How long will this country remain free? Probably only as long as the American people value their freedom enough to defend it. But how many people today can stop looking at their electronic devices long enough to even think about such things?
Meanwhile, attempts to shut down people whose free speech interferes with other people’s political agendas go on, with remarkably little notice, much less outrage. The Internal Revenue Service’s targeting the tax-exempt status of conservative groups is just one of these attempts to fight political battles by shutting up the opposition, rather than answering them.
Another insidious attempt to silence voices that dissent from current politically correct crusades is targeting scientists who do not agree with the “global warming” scenario.
Congressman Raul Grijalva has been writing universities, demanding financial records showing who is financing the research of dissenting scientists, and demanding their internal communications as well. Mr. Grijalva says that financial disclosure needs to be part of the public’s “right to know” who is financing those who express different views.
He is not the only politician pushing the idea that scientists who do not march in lockstep with what is called the “consensus” on man-made global warming could be just hired guns for businesses resisting government regulations. Senator Edward Markey has been sending letters to fossil-fuel companies, asking them to hand over details of their financial ties to critics of the “consensus.”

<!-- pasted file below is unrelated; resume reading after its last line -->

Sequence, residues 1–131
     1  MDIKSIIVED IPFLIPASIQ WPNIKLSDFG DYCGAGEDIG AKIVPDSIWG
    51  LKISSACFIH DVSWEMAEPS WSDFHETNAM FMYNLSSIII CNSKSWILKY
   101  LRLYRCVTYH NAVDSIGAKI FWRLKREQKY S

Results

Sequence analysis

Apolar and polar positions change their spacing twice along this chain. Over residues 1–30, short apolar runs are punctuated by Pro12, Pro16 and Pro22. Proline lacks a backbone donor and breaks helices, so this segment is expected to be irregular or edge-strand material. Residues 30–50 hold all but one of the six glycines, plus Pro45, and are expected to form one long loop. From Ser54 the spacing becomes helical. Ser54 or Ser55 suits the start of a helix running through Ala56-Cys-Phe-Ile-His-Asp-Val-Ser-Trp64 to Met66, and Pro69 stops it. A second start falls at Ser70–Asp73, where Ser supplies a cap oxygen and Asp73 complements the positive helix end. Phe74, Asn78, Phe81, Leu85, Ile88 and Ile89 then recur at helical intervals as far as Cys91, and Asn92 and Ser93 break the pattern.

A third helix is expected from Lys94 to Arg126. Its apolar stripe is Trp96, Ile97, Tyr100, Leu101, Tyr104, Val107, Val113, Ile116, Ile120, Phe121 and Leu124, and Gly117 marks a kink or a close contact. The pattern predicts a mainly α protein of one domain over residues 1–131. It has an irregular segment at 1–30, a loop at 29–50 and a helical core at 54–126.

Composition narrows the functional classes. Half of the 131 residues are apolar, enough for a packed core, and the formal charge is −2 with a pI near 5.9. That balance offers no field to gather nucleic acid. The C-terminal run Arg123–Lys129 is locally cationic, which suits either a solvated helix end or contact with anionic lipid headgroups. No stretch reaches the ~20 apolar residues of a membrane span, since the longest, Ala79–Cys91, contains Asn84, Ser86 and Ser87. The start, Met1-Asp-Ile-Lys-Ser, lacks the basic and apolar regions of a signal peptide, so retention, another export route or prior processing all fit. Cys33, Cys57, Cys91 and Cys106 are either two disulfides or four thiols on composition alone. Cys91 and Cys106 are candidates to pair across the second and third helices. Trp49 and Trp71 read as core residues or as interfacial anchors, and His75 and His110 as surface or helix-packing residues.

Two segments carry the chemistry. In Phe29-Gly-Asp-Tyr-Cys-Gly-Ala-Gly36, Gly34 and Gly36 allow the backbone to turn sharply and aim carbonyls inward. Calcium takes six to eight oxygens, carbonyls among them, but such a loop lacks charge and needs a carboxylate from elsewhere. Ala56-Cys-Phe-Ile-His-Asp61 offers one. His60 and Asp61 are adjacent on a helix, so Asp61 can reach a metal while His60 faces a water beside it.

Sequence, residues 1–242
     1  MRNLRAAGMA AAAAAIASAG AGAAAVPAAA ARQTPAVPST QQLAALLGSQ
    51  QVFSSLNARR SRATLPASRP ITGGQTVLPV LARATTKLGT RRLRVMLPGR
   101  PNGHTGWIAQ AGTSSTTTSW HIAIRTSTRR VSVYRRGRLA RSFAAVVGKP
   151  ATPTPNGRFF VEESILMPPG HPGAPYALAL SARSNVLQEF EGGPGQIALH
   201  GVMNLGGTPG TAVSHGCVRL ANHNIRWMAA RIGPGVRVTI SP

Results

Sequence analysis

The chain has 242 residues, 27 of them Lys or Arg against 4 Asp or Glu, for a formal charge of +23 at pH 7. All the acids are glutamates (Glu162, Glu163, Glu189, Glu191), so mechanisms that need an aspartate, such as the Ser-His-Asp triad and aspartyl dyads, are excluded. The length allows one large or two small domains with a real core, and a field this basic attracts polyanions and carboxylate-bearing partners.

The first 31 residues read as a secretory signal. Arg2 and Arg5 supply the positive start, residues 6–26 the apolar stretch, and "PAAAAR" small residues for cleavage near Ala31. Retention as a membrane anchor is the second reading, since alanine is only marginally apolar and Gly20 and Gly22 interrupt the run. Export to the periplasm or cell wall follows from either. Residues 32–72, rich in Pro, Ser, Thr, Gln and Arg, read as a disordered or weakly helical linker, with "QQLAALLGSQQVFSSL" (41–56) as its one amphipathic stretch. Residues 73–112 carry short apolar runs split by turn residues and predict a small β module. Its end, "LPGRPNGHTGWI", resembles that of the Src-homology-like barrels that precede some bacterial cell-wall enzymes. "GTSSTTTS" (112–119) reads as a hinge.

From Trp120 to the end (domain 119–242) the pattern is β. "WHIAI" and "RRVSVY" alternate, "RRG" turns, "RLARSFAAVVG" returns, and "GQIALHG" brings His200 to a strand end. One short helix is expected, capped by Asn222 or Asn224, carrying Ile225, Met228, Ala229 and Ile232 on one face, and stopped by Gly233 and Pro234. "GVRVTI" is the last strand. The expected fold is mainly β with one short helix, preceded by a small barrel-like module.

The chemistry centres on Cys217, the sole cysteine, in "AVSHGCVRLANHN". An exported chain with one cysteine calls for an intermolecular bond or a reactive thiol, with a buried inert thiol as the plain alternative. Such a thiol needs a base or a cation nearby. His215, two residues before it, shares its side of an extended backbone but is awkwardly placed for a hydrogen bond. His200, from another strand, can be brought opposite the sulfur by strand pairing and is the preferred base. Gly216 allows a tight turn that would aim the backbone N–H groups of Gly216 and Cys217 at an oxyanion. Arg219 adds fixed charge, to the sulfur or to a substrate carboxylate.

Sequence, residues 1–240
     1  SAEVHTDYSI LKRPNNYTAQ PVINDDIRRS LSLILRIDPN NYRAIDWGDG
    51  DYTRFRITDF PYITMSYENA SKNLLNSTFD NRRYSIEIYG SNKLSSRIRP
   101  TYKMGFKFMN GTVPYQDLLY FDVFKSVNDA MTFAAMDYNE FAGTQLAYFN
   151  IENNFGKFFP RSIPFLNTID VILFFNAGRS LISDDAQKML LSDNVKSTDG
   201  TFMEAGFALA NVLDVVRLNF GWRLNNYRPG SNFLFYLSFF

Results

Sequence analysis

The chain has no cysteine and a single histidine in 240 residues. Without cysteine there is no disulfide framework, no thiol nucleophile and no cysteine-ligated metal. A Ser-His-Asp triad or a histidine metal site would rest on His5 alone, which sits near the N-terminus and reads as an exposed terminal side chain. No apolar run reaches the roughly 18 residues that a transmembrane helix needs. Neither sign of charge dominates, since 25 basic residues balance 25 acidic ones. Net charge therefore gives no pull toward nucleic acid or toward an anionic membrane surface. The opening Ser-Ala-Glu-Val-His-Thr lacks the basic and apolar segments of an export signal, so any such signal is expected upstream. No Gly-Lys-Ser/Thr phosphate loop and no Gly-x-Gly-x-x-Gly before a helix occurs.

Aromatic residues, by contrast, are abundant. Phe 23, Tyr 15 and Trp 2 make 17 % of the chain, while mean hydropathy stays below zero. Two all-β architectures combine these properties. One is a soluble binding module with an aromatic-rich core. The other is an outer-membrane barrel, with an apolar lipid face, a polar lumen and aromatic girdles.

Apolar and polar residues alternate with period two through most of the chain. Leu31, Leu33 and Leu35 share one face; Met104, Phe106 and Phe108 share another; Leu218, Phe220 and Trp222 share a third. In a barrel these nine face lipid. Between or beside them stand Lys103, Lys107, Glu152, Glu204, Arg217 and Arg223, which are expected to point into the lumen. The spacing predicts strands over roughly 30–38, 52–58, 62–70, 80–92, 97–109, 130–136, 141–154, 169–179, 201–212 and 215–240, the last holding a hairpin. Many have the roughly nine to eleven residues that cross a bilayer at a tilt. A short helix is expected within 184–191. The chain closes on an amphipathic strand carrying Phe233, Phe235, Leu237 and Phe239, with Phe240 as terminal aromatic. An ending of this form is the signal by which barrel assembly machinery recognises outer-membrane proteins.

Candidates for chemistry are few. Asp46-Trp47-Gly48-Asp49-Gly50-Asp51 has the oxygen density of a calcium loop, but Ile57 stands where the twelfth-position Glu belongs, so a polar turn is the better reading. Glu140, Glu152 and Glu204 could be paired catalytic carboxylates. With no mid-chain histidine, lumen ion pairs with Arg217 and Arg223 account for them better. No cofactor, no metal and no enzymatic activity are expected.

The head of the National Academy of Sciences has chimed in, saying: “Scientists must disclose their sources of financial support to continue to enjoy societal trust and the respect of fellow scientists.”
This is too clever by half. It sounds as if this government bureaucrat is trying to help the dissenting scientists enjoy trust and respect — as if these scientists cannot decide for themselves whether they consider such a practice necessary or desirable.